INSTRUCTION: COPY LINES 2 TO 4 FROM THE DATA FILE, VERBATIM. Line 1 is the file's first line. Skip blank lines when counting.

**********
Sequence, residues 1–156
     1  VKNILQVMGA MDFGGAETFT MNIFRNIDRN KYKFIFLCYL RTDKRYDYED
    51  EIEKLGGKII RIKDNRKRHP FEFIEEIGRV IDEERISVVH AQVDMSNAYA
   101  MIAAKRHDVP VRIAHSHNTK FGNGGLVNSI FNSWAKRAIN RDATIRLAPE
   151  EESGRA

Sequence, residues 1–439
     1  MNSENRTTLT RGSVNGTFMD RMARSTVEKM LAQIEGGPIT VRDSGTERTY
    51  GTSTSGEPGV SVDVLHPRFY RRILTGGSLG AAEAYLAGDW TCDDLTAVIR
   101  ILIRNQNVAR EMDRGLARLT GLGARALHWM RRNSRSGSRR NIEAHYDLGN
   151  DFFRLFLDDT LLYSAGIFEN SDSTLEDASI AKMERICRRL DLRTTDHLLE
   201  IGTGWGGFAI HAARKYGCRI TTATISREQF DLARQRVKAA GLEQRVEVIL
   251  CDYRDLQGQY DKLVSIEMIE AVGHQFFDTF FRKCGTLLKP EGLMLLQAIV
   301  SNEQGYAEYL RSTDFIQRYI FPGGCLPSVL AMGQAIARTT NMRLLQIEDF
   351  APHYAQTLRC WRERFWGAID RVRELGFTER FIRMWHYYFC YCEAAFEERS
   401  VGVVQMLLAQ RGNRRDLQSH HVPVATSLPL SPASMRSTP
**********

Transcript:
     1  VKNILQVMGA MDFGGAETFT MNIFRNIDRN KYKFIFLCYL RTDKRYDYED
    51  EIEKLGGKII RIKDNRKRHP FEFIEEIGRV IDEERISVVH AQVDMSNAYA
   101  MIAAKRHDVP VRIAHSHNTK FGNGGLVNSI FNSWAKRAIN RDATIRLAPE